From the January 5-6, 2013 Wall Street Journal "Week in Ideas" by Dan Akst:
"When it comes to learning math, intelligence counts at the outset. But after that, it's a matter of motivation and study skills.
"That's the result of a German study of 3, 530 students in grades five through 10. Researchers examined six years of data with an eye toward establishing the effect of IQ, motivation and study skills on growth in math achievement.
"Intelligence, it turned out, wasn't a factor in this growth. And rote learning strategies actually did more harm than good. But feelings of control, high motivation and study skills that involved explaining a summarizing math and connecting it to other material did predict greater achievement. What it takes to learn math, the researchers said, isn't just innate; it can be fostered."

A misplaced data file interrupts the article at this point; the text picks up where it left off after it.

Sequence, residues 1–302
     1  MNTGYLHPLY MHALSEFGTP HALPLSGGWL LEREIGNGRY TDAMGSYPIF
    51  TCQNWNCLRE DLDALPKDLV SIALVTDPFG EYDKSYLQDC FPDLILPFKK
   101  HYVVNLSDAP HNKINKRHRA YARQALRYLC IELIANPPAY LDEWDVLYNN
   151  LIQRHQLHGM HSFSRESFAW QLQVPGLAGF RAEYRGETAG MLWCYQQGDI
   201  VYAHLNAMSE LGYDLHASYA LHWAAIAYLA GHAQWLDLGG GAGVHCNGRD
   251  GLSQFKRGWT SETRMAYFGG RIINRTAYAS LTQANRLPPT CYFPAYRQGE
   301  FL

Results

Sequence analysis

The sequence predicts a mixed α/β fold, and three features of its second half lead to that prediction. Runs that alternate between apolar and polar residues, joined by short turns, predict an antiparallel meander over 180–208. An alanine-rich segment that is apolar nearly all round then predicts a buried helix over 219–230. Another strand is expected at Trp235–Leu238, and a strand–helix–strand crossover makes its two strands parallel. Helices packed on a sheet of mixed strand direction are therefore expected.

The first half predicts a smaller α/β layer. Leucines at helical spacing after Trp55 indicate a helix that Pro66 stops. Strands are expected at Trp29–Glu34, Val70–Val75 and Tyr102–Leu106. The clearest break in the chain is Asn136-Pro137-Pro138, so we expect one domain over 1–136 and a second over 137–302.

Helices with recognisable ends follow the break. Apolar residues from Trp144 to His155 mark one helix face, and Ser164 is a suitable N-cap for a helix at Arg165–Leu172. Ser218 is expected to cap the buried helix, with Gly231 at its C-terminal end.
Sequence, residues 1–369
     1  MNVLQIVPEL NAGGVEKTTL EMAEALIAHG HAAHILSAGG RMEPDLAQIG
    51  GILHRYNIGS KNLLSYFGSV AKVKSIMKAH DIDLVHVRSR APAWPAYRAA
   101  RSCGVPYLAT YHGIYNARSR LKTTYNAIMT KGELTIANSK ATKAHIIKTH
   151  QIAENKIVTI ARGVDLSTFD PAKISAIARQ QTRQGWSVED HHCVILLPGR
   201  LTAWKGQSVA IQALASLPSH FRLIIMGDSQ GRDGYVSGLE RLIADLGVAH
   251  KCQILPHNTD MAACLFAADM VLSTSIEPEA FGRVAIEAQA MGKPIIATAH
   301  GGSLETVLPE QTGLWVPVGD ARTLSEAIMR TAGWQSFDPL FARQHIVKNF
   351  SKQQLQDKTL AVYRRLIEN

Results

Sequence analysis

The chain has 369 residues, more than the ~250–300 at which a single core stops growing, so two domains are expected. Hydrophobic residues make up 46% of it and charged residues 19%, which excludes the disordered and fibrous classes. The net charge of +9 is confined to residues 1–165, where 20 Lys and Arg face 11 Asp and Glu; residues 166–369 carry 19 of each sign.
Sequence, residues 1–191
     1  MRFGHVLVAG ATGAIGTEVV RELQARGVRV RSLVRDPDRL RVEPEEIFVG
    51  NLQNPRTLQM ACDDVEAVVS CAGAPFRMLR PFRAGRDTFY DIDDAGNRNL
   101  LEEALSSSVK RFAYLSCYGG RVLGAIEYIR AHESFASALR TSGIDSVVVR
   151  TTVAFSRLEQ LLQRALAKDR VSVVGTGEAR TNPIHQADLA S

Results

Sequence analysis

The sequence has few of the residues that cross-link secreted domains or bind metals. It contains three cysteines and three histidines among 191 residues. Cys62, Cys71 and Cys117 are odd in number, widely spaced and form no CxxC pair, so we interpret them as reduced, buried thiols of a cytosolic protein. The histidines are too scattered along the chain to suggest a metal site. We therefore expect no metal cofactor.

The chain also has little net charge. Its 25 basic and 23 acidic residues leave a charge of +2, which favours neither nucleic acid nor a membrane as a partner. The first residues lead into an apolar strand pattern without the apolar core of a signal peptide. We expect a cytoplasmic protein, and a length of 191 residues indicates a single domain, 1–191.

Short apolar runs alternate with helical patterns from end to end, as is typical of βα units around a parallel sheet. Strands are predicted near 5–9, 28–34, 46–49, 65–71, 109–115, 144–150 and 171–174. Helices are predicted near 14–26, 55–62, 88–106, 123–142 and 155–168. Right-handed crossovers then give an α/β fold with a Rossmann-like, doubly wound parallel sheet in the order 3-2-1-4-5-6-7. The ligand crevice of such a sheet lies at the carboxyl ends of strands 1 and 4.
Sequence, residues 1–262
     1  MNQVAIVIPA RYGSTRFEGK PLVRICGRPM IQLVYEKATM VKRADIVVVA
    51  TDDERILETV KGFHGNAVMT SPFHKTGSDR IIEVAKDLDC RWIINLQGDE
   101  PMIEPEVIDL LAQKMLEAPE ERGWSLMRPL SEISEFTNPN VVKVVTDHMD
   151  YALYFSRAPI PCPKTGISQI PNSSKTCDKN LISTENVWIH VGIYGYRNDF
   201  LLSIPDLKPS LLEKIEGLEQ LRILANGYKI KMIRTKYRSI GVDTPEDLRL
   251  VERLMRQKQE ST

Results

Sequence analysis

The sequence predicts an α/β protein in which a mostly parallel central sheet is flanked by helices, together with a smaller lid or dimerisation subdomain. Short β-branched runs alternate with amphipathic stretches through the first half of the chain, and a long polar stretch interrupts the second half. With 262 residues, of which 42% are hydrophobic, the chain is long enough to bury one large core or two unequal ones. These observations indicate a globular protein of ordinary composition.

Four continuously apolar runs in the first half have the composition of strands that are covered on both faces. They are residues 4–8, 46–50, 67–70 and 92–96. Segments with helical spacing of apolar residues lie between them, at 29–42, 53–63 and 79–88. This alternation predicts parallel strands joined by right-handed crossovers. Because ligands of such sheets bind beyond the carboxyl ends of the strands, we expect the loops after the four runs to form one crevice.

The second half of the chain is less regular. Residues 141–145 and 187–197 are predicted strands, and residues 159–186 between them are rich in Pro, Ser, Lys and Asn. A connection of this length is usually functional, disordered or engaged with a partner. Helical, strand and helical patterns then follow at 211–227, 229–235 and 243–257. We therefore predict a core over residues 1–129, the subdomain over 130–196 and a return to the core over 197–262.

Summary of the research from: "Predicting Long-term Growth in Students' Mathematics Achievement: The Unique Contributions of Motivation and Cognitive Strategies," Kou Murayama, Reinhard Pekrun, Rudolf vom Hofe and Stephanie Lichtenfeld, Child Development (Dec. 20)
Notice that explaining and summarizing and connecting the math to other material was very important. To me, that means verbally conceptualizing the math and integrating it with other knowledge about the world - which tends to be motivational because it enables the learning to know how to use the math.